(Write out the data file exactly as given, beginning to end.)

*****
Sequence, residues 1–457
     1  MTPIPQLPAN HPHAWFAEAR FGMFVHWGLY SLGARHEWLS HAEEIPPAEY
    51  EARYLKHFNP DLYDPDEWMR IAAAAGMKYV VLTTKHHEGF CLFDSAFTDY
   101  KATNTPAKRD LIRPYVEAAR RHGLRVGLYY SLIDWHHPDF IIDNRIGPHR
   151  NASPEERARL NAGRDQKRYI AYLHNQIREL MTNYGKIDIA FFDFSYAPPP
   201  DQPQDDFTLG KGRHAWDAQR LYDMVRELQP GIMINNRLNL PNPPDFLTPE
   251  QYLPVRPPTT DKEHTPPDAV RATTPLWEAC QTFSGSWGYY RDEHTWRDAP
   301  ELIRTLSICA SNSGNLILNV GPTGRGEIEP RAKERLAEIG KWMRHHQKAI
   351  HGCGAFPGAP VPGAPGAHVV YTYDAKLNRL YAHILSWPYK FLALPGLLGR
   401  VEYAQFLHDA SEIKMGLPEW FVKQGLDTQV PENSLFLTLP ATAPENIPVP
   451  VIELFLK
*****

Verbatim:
Sequence, residues 1–457
     1  MTPIPQLPAN HPHAWFAEAR FGMFVHWGLY SLGARHEWLS HAEEIPPAEY
    51  EARYLKHFNP DLYDPDEWMR IAAAAGMKYV VLTTKHHEGF CLFDSAFTDY
   101  KATNTPAKRD LIRPYVEAAR RHGLRVGLYY SLIDWHHPDF IIDNRIGPHR
   151  NASPEERARL NAGRDQKRYI AYLHNQIREL MTNYGKIDIA FFDFSYAPPP
   201  DQPQDDFTLG KGRHAWDAQR LYDMVRELQP GIMINNRLNL PNPPDFLTPE
   251  QYLPVRPPTT DKEHTPPDAV RATTPLWEAC QTFSGSWGYY RDEHTWRDAP
   301  ELIRTLSICA SNSGNLILNV GPTGRGEIEP RAKERLAEIG KWMRHHQKAI
   351  HGCGAFPGAP VPGAPGAHVV YTYDAKLNRL YAHILSWPYK FLALPGLLGR
   401  VEYAQFLHDA SEIKMGLPEW FVKQGLDTQV PENSLFLTLP ATAPENIPVP
   451  VIELFLK